Agriculture came out OK after the recent flood in southern Alberta. Clearly, the impact has been severe in Calgary and a number of smaller centres dependent on their proximity to rain-swollen rivers and watersheds.
Individual farms and ranches were affected, but they’re few compared to the physical devastation in residential areas. Our hearts go out to those folks whose lives will be severely altered because of the disaster.
There are photos of thousands of flooded acres in the affected areas and one ponders what the effect will be on crops and pastures. It all depends on how much moisture lies in fields and how long it will take to drain away. Much of the south already had delayed spring seeding, which put emerging crops in a perilous situation for survival. Many may end up being drowned. The next few weeks will tell as crop insurance adjustors begin to make their rounds. A bright spot had been pasture and hay conditions, which for the most part were excellent. A couple of weeks of dry hot weather would do wonders to improve the overall situation for crops and pastures.
No sooner, however, did the flood situation begin to abate than questions, concerns and yes blame were arising from various players. In reality, the flood in the general area is nothing new; four similar and larger floods had occurred during the early years of the 1900s, along with numerous lesser flooding ever since.
Very significant flooding occurred in 1995, 2005 and 2007. During that more than 100-year period, governments took various steps to mitigate future damage from floods — but it never seems to be enough. Suffice to say in many parts of Alberta, floods are part of the hazard of living in those areas.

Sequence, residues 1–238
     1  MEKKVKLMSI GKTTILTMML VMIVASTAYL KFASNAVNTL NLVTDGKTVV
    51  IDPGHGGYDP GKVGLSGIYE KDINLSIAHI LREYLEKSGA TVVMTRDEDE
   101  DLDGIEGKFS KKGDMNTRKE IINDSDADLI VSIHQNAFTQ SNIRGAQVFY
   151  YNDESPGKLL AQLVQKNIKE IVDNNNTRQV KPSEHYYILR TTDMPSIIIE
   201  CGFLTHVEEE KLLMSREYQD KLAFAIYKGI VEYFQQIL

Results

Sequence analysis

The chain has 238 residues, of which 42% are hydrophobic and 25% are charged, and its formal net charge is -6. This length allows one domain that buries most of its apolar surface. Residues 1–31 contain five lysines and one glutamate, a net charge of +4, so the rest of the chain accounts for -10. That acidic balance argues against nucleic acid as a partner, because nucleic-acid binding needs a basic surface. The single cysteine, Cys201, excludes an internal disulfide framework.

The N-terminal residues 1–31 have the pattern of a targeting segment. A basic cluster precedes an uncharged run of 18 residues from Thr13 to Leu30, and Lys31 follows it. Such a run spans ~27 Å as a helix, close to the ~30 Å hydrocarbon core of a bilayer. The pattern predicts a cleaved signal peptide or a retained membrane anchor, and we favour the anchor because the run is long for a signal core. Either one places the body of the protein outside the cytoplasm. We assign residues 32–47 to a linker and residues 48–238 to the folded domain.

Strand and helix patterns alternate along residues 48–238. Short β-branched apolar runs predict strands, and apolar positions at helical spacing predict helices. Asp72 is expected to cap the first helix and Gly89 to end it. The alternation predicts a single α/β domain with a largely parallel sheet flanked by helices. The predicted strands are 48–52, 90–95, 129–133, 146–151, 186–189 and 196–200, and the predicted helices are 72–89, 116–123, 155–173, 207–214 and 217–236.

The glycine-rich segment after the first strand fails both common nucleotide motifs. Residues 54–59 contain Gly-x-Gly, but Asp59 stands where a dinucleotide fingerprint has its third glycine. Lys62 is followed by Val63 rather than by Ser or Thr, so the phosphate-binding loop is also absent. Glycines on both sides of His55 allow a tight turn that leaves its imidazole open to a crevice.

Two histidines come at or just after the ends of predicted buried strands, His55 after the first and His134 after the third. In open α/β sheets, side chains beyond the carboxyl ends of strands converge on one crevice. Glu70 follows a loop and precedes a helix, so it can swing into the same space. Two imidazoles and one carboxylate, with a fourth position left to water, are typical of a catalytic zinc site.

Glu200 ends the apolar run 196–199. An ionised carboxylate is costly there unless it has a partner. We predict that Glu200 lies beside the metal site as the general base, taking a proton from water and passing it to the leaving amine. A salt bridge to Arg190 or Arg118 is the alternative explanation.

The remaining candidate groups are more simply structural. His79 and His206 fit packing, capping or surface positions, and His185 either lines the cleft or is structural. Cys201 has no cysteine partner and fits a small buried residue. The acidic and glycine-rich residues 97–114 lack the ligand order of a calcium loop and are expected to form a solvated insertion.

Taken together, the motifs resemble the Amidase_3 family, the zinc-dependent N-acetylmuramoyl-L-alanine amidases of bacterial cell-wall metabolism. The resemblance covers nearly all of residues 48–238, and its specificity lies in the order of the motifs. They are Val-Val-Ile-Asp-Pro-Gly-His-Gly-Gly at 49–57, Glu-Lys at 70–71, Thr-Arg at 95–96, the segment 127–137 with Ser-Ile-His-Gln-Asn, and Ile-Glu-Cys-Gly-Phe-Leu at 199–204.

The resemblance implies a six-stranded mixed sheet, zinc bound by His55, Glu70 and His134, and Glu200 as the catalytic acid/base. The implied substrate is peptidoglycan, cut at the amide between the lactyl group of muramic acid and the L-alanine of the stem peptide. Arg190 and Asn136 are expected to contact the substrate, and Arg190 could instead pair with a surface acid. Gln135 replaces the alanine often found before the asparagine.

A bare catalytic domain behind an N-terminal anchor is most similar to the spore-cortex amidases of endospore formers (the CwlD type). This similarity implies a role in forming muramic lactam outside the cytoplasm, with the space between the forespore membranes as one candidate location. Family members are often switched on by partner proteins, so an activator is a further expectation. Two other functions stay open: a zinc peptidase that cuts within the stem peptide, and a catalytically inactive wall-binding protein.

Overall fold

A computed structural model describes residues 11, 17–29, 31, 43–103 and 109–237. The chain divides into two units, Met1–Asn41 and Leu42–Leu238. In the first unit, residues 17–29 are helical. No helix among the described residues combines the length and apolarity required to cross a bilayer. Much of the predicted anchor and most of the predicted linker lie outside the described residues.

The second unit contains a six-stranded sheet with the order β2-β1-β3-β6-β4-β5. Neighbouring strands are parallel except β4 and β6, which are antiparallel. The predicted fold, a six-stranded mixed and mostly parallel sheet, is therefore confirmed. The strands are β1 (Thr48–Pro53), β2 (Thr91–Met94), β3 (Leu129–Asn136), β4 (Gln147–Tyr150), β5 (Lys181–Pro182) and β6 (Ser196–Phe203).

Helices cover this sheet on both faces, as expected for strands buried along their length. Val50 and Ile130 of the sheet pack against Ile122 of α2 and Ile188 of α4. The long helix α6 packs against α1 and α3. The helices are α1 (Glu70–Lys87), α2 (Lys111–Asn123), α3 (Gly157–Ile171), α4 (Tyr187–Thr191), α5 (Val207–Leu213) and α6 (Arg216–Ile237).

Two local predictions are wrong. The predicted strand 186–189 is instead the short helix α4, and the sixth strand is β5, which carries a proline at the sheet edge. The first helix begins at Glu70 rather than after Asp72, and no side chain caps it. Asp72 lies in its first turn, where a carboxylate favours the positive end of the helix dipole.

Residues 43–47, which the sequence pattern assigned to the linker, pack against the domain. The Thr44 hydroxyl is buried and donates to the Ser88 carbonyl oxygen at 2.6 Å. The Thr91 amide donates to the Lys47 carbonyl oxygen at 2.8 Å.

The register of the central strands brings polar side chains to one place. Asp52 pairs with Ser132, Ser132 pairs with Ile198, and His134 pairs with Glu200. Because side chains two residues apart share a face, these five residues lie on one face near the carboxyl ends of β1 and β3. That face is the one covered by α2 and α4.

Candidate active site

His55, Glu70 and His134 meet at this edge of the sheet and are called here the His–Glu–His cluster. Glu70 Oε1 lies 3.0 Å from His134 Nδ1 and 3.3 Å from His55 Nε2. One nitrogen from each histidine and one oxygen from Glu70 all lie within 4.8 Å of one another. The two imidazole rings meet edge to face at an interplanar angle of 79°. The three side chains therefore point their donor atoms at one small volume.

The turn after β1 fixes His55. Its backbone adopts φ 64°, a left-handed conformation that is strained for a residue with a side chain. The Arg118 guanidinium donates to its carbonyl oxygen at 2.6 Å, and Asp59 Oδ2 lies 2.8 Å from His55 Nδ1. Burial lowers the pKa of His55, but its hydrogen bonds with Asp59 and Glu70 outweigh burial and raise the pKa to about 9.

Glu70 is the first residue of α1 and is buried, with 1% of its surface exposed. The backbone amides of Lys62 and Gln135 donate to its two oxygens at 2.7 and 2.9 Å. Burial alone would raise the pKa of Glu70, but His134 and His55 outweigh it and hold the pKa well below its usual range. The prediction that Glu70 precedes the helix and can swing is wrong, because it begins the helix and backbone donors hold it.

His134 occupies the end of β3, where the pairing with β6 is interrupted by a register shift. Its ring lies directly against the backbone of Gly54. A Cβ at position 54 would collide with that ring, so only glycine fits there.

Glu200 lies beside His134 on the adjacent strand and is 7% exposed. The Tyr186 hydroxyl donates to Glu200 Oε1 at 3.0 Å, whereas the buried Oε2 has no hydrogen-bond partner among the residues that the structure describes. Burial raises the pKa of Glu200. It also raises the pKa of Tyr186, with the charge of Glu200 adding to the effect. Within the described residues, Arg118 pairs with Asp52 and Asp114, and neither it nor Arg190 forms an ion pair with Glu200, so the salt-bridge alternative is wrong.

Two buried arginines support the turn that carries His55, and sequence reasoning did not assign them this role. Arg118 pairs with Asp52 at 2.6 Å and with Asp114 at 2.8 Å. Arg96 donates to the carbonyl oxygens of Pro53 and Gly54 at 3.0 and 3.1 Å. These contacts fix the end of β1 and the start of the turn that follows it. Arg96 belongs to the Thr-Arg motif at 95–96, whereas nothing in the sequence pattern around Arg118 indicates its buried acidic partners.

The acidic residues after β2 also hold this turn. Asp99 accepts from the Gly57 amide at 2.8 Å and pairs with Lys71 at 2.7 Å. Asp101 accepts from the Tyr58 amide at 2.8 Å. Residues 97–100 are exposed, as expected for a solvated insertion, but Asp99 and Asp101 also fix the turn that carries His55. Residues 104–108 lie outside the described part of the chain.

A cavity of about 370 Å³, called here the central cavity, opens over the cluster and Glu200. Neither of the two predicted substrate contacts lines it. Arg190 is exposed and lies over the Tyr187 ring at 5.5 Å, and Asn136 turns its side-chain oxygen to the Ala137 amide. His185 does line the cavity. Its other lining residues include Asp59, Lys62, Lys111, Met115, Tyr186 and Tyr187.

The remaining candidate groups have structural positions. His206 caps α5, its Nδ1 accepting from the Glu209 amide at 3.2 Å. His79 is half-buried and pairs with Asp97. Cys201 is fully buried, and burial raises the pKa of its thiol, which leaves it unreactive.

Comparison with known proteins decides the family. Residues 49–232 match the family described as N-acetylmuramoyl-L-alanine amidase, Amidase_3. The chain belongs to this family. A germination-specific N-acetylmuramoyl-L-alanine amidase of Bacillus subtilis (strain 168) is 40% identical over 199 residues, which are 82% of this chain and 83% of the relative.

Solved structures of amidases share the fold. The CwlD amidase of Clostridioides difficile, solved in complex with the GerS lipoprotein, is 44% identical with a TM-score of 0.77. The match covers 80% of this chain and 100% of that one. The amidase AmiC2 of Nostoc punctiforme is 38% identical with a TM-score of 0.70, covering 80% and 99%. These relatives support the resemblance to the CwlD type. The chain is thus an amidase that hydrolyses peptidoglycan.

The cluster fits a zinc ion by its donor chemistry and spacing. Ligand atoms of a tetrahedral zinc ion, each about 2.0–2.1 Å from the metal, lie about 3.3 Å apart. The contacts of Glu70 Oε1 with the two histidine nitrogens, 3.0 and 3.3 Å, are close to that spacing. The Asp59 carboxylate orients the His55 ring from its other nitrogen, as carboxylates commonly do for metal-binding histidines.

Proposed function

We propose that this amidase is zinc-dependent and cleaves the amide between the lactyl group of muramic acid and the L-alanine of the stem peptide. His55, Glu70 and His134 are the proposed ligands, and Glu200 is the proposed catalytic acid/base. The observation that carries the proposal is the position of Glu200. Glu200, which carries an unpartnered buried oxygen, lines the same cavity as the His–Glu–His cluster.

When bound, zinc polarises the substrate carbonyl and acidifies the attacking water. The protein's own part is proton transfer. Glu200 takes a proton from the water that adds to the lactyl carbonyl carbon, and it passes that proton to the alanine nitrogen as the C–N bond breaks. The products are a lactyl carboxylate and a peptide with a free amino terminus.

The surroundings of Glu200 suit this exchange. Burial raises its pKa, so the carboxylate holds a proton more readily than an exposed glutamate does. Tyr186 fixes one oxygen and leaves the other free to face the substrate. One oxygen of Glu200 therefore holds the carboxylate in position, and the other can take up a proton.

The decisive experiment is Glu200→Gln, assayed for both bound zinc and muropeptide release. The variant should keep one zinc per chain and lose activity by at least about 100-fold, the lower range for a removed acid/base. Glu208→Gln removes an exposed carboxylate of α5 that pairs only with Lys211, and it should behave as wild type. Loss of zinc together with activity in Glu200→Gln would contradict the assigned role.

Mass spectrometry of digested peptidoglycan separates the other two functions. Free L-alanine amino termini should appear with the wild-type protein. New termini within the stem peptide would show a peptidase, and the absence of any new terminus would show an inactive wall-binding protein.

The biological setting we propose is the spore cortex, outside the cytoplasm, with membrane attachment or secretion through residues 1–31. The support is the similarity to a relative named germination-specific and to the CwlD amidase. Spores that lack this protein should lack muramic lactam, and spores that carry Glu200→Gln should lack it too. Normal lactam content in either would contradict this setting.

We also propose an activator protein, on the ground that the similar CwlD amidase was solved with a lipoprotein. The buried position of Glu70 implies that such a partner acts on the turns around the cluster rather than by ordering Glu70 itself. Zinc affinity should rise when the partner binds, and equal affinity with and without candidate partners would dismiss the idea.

The most puzzling situation is the High River area, which appears to be the most flood-prone area of Alberta — yet government officials continue to blissfully approve the development of ever more residential subdivisions on obvious flood-plains. The only hope for the future of this town is to build a massive diversionary floodway around the townsite. Otherwise, history will repeat itself — and soon.
Ironically, a provincial government flood hazard mitigation report made in 2006 by former agriculture minister George Groeneveld, who happens to be from the High River area, contained a number of significant flood mitigation recommendations, some of which were acted upon. However the big one about not building houses on flood plains was ignored. That will come back to haunt the government. Opposition political parties have already made some pointed references to that matter.
The High River area is also of particular concern to the cattle business, because it’s home to the Cargill Foods beef-processing plant. The facility itself wasn’t damaged, but it was temporarily closed, mainly because so many of its local employees were made homeless by the flood. Flood damage to area roads and bridges also made transportation logistics and cattle supply something of a nightmare to the plant. Another consequence of the flooding was damage to the CPR mainline, which caused significant delays in the grain and oilseed flow to west coast shipping points.
Climate change activists not unsurprisingly alleged that it was obvious what caused this disaster. Weather experts had a different view, noting that the rain deluge and subsequent flooding had more to do with a unique confluence of stalled weather systems and a subsequent rapid snowmelt.
Be that as it may, I suspect flooding in the area has been a problem for the past 10,000 years. Interestingly climate change, particularly global warming, has been viewed by many as being a positive change for crop production in Alberta. Warmer weather and a longer growing season would increase crop yields and expand the opportunity to grow lucrative corn and soybean crops in this province. But I digress.
The Alberta government has so far pledged $1 billion to recovery and rebuilding. It’s bound to eventually cost a lot more. Most of that money will go to cities and towns, but some will be destined for rural areas particularly infrastructure.
One does wish that government will now think more seriously about spending even more money on flood-mitigation projects in flood prone areas — being floods will surely happen again.
— Ahead of the Heard